2003 Seattle Annual Meeting (November 25, 2003)
Paper No. 164-8
Presentation Time: 3:15 PM-3:30 PM


KOSKI, Angie, Environmental Science, Univ of Idaho, Moscow, ID 83844, akoski@tds.net and WOOD, Scott, Geological Sciences, Univ of Idaho, P.O. Box 443022, Moscow, ID 83844-3022

The Alvord Basin is located in Harney County, Oregon and is included in the Oregon Plateau of the northern Basin and Range province of the southwestern United States. The basin is a broad, flat, graben valley bounded by several mountain ranges. Faults in the area indicate strike-slip faulting and offset resulting from East-West extension of the plateau. Rock formations in the area are of volcanic origin and sediments on the valley floor include sand, gravel, silt, and lacustrine sediments. Three main groups of hot springs are located in the valley: Borax Lake Hot Springs, Alvord Hot Springs, and Mickey Hot Springs. The geochemistry of these springs has been explored to determine processes contributing to their chemical composition. Several springs from each location were sampled on 5 separate occasions over the course of a year. Thermal waters in the area are characterized as mixed bicarbonate-chloride waters with significant levels of sulfate. These waters also have high levels of As (1-5 mg/L) and B (8-29 mg/L). There is little variation from spring to spring within each group; however, differences are evident between spring groups. The chemical compositions of the springs have not varied considerably throughout the year. Waters from Alvord Springs are the most concentrated with the highest levels of total dissolved solids, Cl-, K+, Mg2+, and Na+. Waters from Borax Springs have the highest concentrations of SO42- and Ca2+. Waters from Mickey Springs have lowest levels of Mg2+. Surface temperatures of the hot springs range from 30C to over 90C, while estimates of reservoir temperatures by chemical geothermometry vary from 120C to over 220C. In general, calculated reservoir temperatures are highest for Mickey Springs and lowest for Borax Springs. Thermal springs in the Alvord Basin originate from meteoric water that circulates through the crust gaining heat and chemical constituents. There is minimal mixing of deep thermal waters with shallow groundwaters. Companion isotopic studies and geochemical modeling should shed additional light on the origin of these waters.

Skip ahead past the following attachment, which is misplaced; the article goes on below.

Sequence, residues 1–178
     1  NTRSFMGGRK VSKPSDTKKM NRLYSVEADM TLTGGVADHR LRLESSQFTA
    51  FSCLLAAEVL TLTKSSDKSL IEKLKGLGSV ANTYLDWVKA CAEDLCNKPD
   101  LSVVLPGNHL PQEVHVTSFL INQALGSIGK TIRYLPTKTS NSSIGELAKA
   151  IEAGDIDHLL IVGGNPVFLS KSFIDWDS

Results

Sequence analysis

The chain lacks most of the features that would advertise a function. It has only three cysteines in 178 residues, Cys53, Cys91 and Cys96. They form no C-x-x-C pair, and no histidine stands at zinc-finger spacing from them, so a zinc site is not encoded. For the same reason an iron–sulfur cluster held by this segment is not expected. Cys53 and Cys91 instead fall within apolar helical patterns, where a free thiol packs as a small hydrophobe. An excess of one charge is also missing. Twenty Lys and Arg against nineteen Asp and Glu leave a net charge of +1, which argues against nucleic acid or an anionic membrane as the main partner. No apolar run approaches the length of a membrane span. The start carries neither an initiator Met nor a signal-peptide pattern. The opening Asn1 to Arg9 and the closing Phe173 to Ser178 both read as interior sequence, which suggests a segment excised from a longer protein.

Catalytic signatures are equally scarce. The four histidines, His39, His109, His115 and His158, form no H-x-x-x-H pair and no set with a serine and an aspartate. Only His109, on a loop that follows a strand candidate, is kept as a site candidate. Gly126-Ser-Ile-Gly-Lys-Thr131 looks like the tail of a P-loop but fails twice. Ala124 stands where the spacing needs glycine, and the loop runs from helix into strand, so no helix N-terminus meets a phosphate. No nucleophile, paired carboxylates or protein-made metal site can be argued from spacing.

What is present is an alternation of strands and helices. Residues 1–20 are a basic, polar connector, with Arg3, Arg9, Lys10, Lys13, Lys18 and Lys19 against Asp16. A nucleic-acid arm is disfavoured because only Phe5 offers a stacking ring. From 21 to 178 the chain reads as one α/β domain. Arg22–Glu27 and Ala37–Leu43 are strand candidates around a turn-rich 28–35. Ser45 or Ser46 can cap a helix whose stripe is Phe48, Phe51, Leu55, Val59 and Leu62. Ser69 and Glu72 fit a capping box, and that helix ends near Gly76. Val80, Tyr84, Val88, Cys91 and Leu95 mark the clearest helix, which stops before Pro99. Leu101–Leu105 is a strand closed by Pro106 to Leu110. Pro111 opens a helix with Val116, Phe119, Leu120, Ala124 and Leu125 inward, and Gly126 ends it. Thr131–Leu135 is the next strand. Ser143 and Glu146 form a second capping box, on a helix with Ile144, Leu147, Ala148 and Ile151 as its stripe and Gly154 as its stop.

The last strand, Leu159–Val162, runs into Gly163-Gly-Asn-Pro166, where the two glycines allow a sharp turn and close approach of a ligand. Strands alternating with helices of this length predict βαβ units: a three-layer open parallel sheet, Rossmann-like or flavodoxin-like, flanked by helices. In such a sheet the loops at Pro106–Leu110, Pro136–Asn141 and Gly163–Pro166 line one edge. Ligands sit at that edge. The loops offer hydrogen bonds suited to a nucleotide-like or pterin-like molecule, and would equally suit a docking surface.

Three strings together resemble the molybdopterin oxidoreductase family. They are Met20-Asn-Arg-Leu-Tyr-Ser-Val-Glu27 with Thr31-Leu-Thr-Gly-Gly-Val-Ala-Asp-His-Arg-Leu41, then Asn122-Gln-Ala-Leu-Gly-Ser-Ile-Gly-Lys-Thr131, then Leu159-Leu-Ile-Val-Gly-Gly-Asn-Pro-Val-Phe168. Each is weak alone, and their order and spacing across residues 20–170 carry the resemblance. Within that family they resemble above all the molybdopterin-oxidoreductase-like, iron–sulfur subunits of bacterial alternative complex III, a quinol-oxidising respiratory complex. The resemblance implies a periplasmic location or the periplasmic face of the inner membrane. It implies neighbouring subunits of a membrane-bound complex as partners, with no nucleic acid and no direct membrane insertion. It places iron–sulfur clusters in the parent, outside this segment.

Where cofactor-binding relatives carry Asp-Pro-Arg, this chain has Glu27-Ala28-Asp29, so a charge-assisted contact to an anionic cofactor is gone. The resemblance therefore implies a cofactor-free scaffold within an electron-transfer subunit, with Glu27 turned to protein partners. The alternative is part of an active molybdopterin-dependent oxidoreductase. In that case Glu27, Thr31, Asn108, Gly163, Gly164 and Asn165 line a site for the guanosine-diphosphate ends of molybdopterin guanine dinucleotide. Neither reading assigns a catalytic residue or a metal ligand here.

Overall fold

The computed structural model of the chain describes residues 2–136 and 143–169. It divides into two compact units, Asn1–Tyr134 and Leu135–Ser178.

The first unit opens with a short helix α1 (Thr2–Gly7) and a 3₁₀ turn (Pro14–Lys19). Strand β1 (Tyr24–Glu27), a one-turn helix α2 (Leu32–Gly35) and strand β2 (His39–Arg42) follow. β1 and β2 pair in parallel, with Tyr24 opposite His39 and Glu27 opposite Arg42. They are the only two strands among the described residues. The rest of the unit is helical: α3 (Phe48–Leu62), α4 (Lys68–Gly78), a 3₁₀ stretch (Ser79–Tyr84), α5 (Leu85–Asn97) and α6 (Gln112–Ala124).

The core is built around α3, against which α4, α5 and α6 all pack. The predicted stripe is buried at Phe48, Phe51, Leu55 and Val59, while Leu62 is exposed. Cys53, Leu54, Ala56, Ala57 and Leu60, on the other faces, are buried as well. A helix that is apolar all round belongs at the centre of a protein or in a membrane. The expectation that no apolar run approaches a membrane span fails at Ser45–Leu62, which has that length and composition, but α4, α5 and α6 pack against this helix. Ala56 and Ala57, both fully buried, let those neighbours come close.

2003 Seattle Annual Meeting (November 25, 2003)
Session No. 164--Booth# 61
Geochemistry, Other II: A Geochemical Potpourri
Washington State Convention and Trade Center: 204
1:30 PM-5:30 PM, Tuesday, November 4, 2003

Geological Society of America Abstracts with Programs, Vol. 35, No. 6, September 2003, p. 407

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